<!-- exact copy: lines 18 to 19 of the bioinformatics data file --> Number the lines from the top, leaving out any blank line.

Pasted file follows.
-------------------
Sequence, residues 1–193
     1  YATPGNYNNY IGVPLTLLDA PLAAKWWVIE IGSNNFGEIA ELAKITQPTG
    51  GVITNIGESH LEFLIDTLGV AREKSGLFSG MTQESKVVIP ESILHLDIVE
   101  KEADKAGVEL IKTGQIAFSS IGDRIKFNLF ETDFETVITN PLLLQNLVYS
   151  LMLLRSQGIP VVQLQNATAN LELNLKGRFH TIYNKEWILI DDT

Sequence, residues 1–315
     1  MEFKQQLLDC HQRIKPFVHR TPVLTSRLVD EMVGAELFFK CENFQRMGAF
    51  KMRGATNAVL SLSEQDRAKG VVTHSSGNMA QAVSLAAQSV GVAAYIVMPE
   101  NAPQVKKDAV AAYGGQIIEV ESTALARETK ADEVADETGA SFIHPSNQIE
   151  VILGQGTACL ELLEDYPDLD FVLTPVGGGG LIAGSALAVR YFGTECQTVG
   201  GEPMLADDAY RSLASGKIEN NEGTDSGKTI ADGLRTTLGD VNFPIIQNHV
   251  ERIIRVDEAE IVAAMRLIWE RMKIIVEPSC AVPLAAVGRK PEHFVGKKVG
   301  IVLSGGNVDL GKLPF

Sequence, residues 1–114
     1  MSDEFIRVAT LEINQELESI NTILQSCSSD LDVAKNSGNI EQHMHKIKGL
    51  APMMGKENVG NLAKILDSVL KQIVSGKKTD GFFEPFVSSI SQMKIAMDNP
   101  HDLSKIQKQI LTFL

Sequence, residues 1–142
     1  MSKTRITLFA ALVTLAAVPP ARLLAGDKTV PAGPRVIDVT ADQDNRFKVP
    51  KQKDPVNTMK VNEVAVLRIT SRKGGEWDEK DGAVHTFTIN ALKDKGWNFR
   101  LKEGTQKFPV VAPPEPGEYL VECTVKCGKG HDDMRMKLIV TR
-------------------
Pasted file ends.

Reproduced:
Sequence, residues 1–142
     1  MSKTRITLFA ALVTLAAVPP ARLLAGDKTV PAGPRVIDVT ADQDNRFKVP